The Fragile Scholar examines the pre-modern construction
of Chinese masculinity from the popular image of the fragile
scholar (caizi) in late imperial Chinese fiction and
drama. The book is an original contribution to the study of the
construction of masculinity in the Chinese context from a
comparative perspective (Euro-American). Its central thesis is that
the concept of "masculinity" in pre-modern China was conceived in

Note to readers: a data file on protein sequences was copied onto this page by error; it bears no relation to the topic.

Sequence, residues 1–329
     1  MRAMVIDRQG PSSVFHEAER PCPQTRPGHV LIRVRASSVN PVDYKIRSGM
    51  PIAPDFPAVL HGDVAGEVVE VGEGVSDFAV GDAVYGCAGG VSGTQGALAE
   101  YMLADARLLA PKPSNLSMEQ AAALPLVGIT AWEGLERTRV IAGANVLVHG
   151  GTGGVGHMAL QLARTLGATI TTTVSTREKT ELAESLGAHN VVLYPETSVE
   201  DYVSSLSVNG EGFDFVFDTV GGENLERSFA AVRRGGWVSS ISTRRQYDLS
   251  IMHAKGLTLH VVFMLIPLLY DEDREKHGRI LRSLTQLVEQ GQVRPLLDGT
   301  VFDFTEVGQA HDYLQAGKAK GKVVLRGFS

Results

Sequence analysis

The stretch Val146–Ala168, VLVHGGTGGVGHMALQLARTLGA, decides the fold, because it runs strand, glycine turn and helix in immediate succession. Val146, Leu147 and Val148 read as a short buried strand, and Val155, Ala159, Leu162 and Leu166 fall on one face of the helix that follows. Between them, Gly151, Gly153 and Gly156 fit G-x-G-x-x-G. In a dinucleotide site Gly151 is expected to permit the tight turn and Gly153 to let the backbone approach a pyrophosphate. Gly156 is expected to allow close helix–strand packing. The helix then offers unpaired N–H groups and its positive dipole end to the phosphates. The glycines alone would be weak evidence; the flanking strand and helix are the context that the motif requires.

the network of hierarchical social and political power in a
homosocial context rather than in opposition to "woman." In other
words, gender discourse was more power-based than sex-based in
pre-modern China, and Chinese masculinity was androgynous in
nature. The author explains how the caizi discourse embodied the
mediation between elite culture and popular culture by giving voice
to the desire, fantasy, wants and tastes of urbanites.
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